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C 235 E/100 Official Journal of the European Communities EN 21.8.

2001

(2001/C 235 E/105) WRITTEN QUESTION P-0042/01


by Johannes Swoboda (PSE) to the Commission

(16 January 2001)

Subject: Refusal by Swiss firms to supply spare parts to clock- and watchmakers in the EU Member States

Many clock- and watchmakers in the EU whose customers bring them watches and clocks to be repaired
find it difficult to carry out these repairs because Swiss watch and clock manufacturers, who in any case
have a general agency in EU countries, refuse to supply spare parts, in case the clock- and watchmakers do
not have contracts with the particular manufacturers.

To what extent does this attitude constitute unlawful discrimination against various clock- and watch-
makers, and to what extent can the Commission intervene to prevent this practice, which is obstructing
people in carrying out their work?

Answer given by Mr Patten on behalf of the Commission

(8 March 2001)

Under block exemption Commission Regulation (EC) No 2790/1999 of 22 December 1999 on the
application of Article 81(3) (ex Article 85) of the EC Treaty to categories of vertical agreements and
concerted practices (1) selective distribution systems as described in the question are exempted from the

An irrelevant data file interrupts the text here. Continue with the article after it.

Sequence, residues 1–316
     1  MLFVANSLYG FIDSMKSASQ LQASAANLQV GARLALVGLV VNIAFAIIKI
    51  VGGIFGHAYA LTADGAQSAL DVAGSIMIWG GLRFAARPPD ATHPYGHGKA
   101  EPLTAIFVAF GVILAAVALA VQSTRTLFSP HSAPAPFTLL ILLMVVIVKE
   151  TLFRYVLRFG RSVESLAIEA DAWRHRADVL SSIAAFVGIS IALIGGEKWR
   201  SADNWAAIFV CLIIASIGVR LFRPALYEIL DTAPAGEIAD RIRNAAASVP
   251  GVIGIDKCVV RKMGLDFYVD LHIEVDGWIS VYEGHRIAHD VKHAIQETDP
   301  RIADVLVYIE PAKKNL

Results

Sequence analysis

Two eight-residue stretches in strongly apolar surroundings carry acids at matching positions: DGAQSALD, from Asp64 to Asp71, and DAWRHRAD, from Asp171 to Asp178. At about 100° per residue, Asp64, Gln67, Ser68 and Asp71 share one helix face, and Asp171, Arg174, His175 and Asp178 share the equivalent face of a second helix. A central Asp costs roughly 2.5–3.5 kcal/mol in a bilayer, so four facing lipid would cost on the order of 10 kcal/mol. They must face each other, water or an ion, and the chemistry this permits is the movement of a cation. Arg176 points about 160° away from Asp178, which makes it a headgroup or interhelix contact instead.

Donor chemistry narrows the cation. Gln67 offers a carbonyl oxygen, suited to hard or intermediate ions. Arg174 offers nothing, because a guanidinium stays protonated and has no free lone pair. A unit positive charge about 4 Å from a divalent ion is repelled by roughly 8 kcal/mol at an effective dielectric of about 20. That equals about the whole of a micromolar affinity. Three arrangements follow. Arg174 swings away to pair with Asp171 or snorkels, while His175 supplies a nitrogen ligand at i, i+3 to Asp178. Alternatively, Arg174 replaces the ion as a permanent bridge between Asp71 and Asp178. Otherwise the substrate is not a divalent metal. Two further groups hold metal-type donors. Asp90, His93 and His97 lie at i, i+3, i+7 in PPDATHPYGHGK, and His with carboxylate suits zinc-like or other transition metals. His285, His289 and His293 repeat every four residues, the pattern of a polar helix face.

prohibition laid down in Article 81(1) of the EC Treaty when the manufacturer’s share of the relevant
market does not exceed 30 %. Below this threshold it is considered that the possible negative effects on
competition will usually be minimal or non-existent and are outweighed by the expected positive effects
resulting, for instance, from better service by trained staff. Above that threshold an individual examination
to assess possible anti-competitive effects, or enhancement of efficiency, may be required.

In order to be covered by the block exemption, the selective distribution agreement must in addition fulfil
the requirements of Articles 4 and 5 of the Regulation. The most important requirement (Article 4(2)) in
respect of the question raised by the Honourable Member is that the watch manufacturer may not impose
a restriction on the sale of spare parts to independent repairers if these spare parts are not produced by the
watch manufacturer himself. In other words, if these spare parts are produced by another undertaking,
attempts by the watch manufacturer to oblige that undertaking to supply him alone could result in
withdrawal of the block exemption

(1) OJ L 336, 29.12.1999.

(2001/C 235 E/106) WRITTEN QUESTION E-0047/01


by Mauro Nobilia (UEN) to the Commission

(22 January 2001)

Subject: The particular working conditions of workers employed by Saipem and Saitre belonging to the
ENI group in Italy

Employees who carry out drilling work for Saipem and Saitre, companies in the ENI group (Italy) which
are involved in oil prospecting, work 84 hours per week. This category of worker is employed between 15
and 18 days per month, starting at 8.00 a.m. and finishing at 8.00 p.m. They work in all weathers, with
temperatures ranging from 40 °C in summer to below zero in winter. These particular working conditions
expose this category to a higher than average risk of accidents. They are not yet recognised as a category
exposed to the risks of strenuous work and do not therefore enjoy the relevant safeguards. In view of the
above, can the Commission ascertain whether the above details are true, whether the working hours of
those carrying out drilling work for Saipem and Saitre contravene Community legislation on working